Fact or Fiction: Fresh and Canned Vegetables Have the Same Nutritional Value
We all know that fresh produce can often be much more expensive than frozen or canned produce. While many people think fresh tastes better than canned or frozen, buying the fresh stuff presents the dilemma of eating the food before it starts wilting or going bad. We often waste money by throwing out food before we’ve even had a chance to eat much of it.
But even though it’s theoretically more economical to buy frozen or canned vegetables, the question that lingers is whether or not you are sacrificing quality and nutritional value for the sake of saving some money. Some people swear they would never touch anything that comes out of an aluminum can. Is this fear of canned goods completely irrational or totally sane?
Many of us know the truth about frozen produce, which is usually flash frozen at the peak of nutrient content. Canned goods, however, continue to get a bad rap.
Surprisingly, canned produce actually has a nutrient value that is as good if not better than fresh produce, provided that it doesn’t contain added sugar and salt. The reason for this phenomena is identical to why frozen produce can sometimes be superior to the fresh variety: Produce degrades and loses nutritional value as time passes. There’s the time it takes to ship the food to the store, the time it sits on the supermarket shelf and the time it sits in your fridge waiting to be eaten. This isn’t so with canned foods–almost.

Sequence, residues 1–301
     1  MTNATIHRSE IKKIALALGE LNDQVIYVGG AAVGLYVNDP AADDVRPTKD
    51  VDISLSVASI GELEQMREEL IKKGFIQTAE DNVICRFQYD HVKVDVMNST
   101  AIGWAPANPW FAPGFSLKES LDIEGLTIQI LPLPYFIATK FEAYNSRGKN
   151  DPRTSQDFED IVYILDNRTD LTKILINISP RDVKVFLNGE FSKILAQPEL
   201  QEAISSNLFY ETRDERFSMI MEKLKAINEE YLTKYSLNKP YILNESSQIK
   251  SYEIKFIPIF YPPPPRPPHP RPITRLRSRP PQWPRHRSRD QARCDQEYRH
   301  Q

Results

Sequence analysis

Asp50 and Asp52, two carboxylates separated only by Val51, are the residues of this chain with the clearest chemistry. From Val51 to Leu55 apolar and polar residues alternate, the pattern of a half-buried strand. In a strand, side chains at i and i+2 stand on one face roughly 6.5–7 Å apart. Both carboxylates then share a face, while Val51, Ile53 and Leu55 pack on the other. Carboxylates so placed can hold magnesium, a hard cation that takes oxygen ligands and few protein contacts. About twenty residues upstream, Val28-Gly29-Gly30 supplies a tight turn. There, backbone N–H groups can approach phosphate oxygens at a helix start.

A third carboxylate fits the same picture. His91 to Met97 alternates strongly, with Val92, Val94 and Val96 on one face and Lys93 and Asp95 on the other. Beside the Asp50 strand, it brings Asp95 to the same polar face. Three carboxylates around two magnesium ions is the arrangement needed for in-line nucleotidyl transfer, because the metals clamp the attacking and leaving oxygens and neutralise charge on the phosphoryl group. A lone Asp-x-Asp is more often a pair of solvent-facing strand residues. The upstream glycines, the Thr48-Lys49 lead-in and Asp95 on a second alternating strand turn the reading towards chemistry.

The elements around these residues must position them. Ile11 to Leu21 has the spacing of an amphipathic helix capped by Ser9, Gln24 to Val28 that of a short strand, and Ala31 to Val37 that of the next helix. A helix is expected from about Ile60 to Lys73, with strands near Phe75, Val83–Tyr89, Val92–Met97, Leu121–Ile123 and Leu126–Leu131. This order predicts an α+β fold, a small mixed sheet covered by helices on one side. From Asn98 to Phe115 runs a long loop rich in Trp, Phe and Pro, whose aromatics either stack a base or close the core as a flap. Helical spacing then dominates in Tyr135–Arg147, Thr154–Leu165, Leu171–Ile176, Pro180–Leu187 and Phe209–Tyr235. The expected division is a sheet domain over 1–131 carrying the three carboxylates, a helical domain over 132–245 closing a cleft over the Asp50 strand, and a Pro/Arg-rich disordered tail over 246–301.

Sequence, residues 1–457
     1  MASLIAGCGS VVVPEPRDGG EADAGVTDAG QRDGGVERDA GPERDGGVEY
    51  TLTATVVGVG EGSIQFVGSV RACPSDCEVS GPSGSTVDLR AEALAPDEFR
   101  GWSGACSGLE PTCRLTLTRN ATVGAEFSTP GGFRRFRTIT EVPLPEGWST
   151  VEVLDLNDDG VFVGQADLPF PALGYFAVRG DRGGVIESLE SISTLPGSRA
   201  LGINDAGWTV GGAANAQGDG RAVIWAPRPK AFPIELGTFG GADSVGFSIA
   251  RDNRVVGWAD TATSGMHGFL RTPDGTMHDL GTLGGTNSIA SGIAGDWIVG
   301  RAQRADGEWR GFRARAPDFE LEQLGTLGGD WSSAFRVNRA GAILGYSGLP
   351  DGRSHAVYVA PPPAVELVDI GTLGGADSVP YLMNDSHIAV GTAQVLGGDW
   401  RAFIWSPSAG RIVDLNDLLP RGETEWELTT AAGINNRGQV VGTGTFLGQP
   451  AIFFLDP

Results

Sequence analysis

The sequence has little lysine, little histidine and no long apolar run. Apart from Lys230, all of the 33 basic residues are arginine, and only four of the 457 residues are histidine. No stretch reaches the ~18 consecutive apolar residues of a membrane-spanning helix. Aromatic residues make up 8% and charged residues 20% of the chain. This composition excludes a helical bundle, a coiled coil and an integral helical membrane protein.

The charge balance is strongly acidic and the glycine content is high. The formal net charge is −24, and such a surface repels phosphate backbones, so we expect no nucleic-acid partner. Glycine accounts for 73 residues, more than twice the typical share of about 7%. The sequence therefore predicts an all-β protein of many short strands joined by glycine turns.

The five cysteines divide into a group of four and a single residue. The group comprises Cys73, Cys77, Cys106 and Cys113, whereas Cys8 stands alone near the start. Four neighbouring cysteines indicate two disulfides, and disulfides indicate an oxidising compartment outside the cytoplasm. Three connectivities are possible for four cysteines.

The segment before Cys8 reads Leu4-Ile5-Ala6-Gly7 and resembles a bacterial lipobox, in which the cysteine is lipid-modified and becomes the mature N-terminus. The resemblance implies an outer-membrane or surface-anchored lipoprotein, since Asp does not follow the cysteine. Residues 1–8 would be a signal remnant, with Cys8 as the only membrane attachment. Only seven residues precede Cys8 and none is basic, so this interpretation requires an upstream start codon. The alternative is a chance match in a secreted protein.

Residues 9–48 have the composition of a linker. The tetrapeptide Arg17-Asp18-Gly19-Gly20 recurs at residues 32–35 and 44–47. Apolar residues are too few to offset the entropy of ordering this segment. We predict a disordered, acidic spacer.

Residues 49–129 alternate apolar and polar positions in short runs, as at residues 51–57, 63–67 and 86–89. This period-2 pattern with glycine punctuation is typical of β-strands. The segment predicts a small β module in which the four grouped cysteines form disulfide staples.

Canned produce can also lose nutrient value, especially vitamins B and C but, according to data in The Journal of the Science of Food and Agriculture by researchers at the University of California, Davis, it’s the exposure to oxygen that has the most powerful deteriorating effect on food.
“Fresh fruits and vegetables usually lose nutrients more rapidly than canned or frozen products,” the university researchers wrote in the study. “Losses of nutrients during fresh storage may be more substantial than consumers realize.”
That said, Dr. Lindsey Mcilvena from the SuperFoodsRx Advisory Board thinks these kinds of debates, while interesting, are missing the larger point.
“The reality is that the vast majority of Americans aren’t getting their recommended daily serving of fruits and vegetables,” she notes. “This is where the focus needs to be. From there we can debate the nutritional quality of different preparations.”
The bottom line? Whether you buy them frozen, canned or fresh, for flavor or convenience, the point is to get more of those fruits and veggies into your daily diet.
Sources: The New York Times, PLOS, Journal of the Science of Food and Agriculture